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  • Writer's pictureAhang Leqola

Why Do We Live and How to Live Better?

Why do we live? Some would answer that it is success, legacy, love, learning or happiness. Whatever one answers, whatever their goals, aspirations or reasons for living there is a central theme that underpins every aspect of being alive. Well-being.

I believe nothing else is possible in life without accounting for well-being, as it is not as simple as “Am I happy?” but it’s also “Can I function?” “Can I live?”. If one is at high risk for suicide, or their anxiety brings about frequent immobilising emotional distress, the pursuit of success, legacy, love, learning, or happiness may seem like an insurmountable task. In summary, well-being is “ a state of happiness and contentment, with low levels of distress, overall good physical and mental health and outlook, or good quality of life.” (APA Dictionary of Psychology 2014).

With all that being said, we in the lab regularly dedicate ourselves to examining questions related to well-being, cognition, and aging. So I have had the pleasure of scouring the papers with the hope of reframing the idea of well-being, underpinning its importance and presenting some suggestions to help maintain it.

The Importance of Well-being

I. A Longer Life

If my truisms were not enough to persuade, that’s okay, we’ll get empirical! Chida and Steptoe (2008) conducted a meta-analysis across 35 studies with samples from initially healthy populations and 35 studies with samples from populations of individuals with illness. They examined whether positive well-being has an effect on mortality at a population level. The researchers found that positive affect (things like positive mood, joy, and happiness) and positive traits (things like high levels of optimism and hope) were both associated with reduced mortality in the samples of healthy participants. They also found that positive well-being was associated with lower death rates among those individuals with renal failure or HIV infection.

II. A More Successful Life

It doesn't end there though! Lyubomirsky, King, and Diener (2005) found that happiness or positive subjective well-being precedes success. Now if the possibility of a longer life hasn't generated sufficient investment in the importance of well-being, perhaps the possibility of a better life will?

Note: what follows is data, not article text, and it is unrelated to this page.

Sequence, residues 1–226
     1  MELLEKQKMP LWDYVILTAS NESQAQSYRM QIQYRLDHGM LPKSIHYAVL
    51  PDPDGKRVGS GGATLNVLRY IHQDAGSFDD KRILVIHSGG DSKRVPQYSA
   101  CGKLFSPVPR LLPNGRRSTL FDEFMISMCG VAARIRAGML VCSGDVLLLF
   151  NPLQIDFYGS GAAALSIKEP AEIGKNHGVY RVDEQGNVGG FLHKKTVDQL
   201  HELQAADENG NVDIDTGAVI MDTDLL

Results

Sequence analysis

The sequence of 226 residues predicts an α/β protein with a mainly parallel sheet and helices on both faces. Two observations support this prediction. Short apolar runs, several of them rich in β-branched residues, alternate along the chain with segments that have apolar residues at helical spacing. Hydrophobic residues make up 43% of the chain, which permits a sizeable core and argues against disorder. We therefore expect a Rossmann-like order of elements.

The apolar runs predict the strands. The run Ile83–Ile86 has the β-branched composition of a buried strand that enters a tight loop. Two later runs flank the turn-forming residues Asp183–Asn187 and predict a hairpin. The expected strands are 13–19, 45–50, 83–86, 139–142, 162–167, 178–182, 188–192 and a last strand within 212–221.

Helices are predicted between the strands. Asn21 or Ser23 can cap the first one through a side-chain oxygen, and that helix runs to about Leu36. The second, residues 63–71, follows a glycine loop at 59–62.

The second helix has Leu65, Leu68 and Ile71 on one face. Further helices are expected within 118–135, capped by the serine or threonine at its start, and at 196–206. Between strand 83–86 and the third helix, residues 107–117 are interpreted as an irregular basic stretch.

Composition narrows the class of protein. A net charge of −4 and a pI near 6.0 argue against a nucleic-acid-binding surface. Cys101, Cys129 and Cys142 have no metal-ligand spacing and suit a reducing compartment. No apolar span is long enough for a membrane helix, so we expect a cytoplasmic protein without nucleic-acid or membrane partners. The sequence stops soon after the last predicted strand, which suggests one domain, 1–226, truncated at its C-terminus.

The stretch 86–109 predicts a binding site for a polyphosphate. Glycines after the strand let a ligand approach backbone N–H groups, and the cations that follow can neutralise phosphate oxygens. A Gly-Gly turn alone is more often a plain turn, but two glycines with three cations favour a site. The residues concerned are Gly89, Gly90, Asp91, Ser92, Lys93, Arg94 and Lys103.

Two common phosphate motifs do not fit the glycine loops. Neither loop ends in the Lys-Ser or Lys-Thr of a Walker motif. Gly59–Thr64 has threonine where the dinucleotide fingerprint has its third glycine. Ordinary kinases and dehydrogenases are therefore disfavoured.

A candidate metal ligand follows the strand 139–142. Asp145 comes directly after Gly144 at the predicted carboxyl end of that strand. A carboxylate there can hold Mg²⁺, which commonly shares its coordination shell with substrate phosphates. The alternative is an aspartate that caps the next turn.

Lyubomirsky and colleagues (2005) found that individuals with positive subjective well-being were more likely to finish their education, find more autonomous jobs, perform better on job evaluations, have a larger, more fulfilling social network, sustain longer relationships and more.

Furthermore, they found that the relationship was bidirectional. Meaning, it essentially creates a positive feedback loop, in which positive subjective well-being increases the likelihood of being able to achieve the goals one’s been socialized to believe as worthwhile, and achieving said goals further leads to PSW.

Improving Well-being

So, how to do it? Well, the premier suggestion is regular mindfulness practice/exercise! There is a large body of research examining the impact of mindfulness interventions on well-being. In a recent study, Marenus et al. (2021) found that college students who were randomized to engage in 30-minute yoga-based practices with short mindfulness meditations twice a week for eight weeks showed a significant increase in psychological well-being and physical activity compared to a control group. The physical activity required by the program was stated to be low, so Marenus and colleagues found that mindfulness training inspired the pursuit of independent physical activity.

An important component of this study was that it took the COVID-19 environment into account so the intervention was administered online. There are numerous such programs available online, paid and or free. is a great resource that provides an overview of free different mindfulness applications that you may find helpful in your pursuit of enhanced mindfulness.


Of course, there were other ways to increase well-being but mindfulness-based interventions are one of the most strongly supported. Not only were they the most strongly supported, but they promote an increase in several other correlates of well-being, such as non-reactivity, acceptance, physical activity, self-awareness, mental health outcomes, etc. (Gu et al. 2016).

So with all that being said, I’d like to ask you, as I’ve been asking myself for the better part of five years, can you take better care of yourself? Can you be happier, or more content? If so, don’t you owe that to yourself? Lastly, but most importantly, how do you do all this? What I have suggested is by no means the end of the journey to a life worth living, but it is a significant step in the right direction.

We at the lab will be attempting this journey with you if you’d like to join. As someone who’s struggled with mental health for many years, I hope there’s some comfort in the recognition that you might not be alone. Should you or someone you know need it, here is the link to the National Suicide Prevention Lifeline. In my experience, harkening back to the central question of this post, a question that's permeated every aspect of my life thus far has always provided me with some solace. Why do we live? Why do you live?


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